Filed Under: Art
Three Mushrooms (digital art / WIP)

Three Mushrooms (digital art / WIP)

Out on a walk, I found the cutest and most-nicely assembled bunch of mushrooms.

The three mushrooms. The original image I'm using as a reference.
The three mushrooms. The original image I’m using as a reference.

 

I took a picture. Once I got home, I loaded this picture in Sketchbook Pro and started tracing and modifying the lines.

I began to outline the contours of the mushrooms and drew lines of represent their interior texture.
I began to outline the contours of the mushrooms and drew lines representing their interior texture.

 

Continuing to fill in the smaller mushrooms while using the original image as a guideline.
Continuing to fill in the smaller mushrooms while using the original image as a guideline.

 

It is a work-in-progress, so I don’t have the image finalized yet, but seeing the progress in a post like this is helpful for me. It gives me a chance to become more familiar with the image, and share. This is the image showing the line work I’ve done with no background image. As you can see, the line work is very clean and represents the shapes and unique texture of the mushrooms very well. (And we haven’t even done coloring or textures yet, which are to come.)

The current line art, I'm mostly finalized -- all the major shapes are represented with sufficient line detail.
The current line art, I’m mostly finalized — all the major shapes are represented with sufficient line detail.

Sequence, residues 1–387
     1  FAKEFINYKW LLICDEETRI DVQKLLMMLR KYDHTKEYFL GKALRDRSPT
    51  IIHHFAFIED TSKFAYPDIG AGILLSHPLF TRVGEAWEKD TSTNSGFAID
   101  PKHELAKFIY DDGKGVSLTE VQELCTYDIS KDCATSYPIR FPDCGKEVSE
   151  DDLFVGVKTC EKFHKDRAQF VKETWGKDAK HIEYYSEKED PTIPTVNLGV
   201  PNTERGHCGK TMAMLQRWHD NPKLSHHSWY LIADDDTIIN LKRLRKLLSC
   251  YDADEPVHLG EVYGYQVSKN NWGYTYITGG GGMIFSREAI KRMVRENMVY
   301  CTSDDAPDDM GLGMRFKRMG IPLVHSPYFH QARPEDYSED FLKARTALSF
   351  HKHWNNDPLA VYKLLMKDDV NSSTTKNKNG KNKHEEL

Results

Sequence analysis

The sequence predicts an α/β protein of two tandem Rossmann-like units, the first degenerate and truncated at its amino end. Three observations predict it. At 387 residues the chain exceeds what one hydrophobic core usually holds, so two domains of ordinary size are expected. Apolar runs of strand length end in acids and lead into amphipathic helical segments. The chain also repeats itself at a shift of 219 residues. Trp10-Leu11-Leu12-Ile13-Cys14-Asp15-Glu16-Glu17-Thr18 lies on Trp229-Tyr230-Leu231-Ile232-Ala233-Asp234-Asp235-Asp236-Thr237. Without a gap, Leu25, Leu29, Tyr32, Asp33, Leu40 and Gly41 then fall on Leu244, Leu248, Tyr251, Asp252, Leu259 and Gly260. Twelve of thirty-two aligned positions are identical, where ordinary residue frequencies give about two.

The beginning of testing some colors -- which is the next step: inking.
The beginning of testing some colors — which is the next step: inking.

 

I’m excited to see how this turns out. The playful shapes in the interior of the mushroom were a lot of fun to draw, and gave me some good eye-to-hand exercise. I’m really enjoying the freedom of digital artwork, and the ability to make multiple iterations and moods to the same structural image.

Filed Under: Art
Diane (graphite drawing)

Diane (graphite drawing)

 

 

Diana-portrait-02
“Diane”, portrait, an overview.

 

Portrait drawing alongside the reference photo I used.
Portrait drawing alongside the reference photo I used.

 

ABOUT THIS PICTURE

8.5″ x 11″ graphite on paper. This took a little over an hour to draw. In an attempt to get some portrait drawing practice warmed up again, I started sketching from a reference photo of photographer Diane Arbus (reference photo is here). I had some difficulty getting accustomed to the idea of measuring. Mostly working through it loosely, gesture drawing, I was able to come up with some approximate features. As you can see from the last picture comparing the reference against the final drawing, there are some slight misplacements: the eyelids are a bit too long, the eyebrows are not quite placed, and the lips are a bit overly-heavy in gradient, specifically the lower lip. The necklace needs a bit more a bend, and her hairline needs a slight adjustment to the left. Had I been evaluating these things carefully while I was drawing, instead of being completely absorbed, and measured accurately before drawing (and especially shading) the likeness would have been better. This is a thing I’m having to really work on: making decisions while drawing. It’s all-too-easy to get caught up and miss the details. In terms of developing my eye without measuring, this is a good exercise, but if I were to really do an honest, thorough work, I would definitely measure, measure, measure, and re-measure. It’s a discipline I have to work on, but I know if I put some time and attention into it, the rewards will be more than worthwhile.

Filed Under: Art